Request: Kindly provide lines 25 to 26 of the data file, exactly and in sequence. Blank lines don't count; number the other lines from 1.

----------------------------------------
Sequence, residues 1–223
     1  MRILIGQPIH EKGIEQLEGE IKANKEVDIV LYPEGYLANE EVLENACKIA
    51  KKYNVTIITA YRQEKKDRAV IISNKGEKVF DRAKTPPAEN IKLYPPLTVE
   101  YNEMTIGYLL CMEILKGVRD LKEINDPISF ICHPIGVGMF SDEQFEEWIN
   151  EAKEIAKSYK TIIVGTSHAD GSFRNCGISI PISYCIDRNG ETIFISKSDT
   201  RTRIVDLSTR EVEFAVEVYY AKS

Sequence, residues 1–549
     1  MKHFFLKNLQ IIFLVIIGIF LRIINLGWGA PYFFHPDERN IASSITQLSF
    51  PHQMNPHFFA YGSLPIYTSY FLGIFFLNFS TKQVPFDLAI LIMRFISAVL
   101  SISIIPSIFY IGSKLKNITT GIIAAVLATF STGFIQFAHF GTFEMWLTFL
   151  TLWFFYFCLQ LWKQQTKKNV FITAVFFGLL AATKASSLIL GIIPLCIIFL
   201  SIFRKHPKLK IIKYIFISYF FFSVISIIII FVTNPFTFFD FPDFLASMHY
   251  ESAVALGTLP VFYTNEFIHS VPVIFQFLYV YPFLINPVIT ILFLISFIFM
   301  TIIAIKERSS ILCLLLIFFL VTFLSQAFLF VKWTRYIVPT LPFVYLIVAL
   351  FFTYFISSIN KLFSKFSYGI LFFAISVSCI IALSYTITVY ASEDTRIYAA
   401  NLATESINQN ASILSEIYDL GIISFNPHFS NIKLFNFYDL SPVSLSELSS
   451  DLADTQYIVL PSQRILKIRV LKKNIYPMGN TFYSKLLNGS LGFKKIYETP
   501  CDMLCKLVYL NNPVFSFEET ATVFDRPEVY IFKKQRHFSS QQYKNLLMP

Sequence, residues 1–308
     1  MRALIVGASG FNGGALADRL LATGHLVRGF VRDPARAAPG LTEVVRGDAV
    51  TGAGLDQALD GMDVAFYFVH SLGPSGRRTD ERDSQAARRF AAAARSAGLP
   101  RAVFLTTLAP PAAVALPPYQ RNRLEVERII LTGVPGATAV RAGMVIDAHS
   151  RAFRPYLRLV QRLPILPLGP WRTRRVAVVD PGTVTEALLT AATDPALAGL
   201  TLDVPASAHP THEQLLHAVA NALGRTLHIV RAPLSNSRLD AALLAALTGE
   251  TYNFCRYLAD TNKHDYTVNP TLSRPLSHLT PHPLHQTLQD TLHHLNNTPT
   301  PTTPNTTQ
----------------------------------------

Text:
   251  TYNFCRYLAD TNKHDYTVNP TLSRPLSHLT PHPLHQTLQD TLHHLNNTPT
   301  PTTPNTTQ